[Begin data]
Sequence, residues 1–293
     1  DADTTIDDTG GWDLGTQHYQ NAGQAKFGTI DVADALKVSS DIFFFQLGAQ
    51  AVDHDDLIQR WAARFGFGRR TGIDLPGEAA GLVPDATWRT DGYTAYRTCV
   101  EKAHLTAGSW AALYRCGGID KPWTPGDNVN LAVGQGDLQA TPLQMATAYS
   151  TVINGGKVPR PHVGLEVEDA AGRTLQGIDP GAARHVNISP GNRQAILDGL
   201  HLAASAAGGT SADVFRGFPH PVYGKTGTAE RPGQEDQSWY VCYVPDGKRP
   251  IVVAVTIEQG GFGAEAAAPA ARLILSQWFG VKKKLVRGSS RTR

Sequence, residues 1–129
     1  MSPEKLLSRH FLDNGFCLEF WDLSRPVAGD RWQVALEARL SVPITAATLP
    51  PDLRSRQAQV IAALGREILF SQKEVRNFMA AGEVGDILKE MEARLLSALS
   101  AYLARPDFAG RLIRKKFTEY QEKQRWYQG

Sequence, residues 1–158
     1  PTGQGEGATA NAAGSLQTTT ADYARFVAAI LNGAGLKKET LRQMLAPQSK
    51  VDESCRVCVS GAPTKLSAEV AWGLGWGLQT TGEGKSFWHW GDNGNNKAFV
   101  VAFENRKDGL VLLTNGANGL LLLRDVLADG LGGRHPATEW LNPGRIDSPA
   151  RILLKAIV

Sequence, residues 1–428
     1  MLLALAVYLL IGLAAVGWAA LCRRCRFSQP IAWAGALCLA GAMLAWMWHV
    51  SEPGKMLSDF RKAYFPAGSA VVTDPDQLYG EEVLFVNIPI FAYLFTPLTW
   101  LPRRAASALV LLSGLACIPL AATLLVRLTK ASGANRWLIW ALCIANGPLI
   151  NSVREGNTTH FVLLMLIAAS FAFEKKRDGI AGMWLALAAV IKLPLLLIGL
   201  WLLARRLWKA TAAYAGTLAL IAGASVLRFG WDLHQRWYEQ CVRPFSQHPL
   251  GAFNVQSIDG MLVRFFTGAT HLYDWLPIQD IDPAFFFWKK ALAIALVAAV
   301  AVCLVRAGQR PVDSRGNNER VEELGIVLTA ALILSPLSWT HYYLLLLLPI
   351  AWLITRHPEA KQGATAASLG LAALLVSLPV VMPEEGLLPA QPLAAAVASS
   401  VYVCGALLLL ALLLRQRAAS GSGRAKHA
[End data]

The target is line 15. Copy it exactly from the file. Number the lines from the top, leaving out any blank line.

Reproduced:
   101  VAFENRKDGL VLLTNGANGL LLLRDVLADG LGGRHPATEW LNPGRIDSPA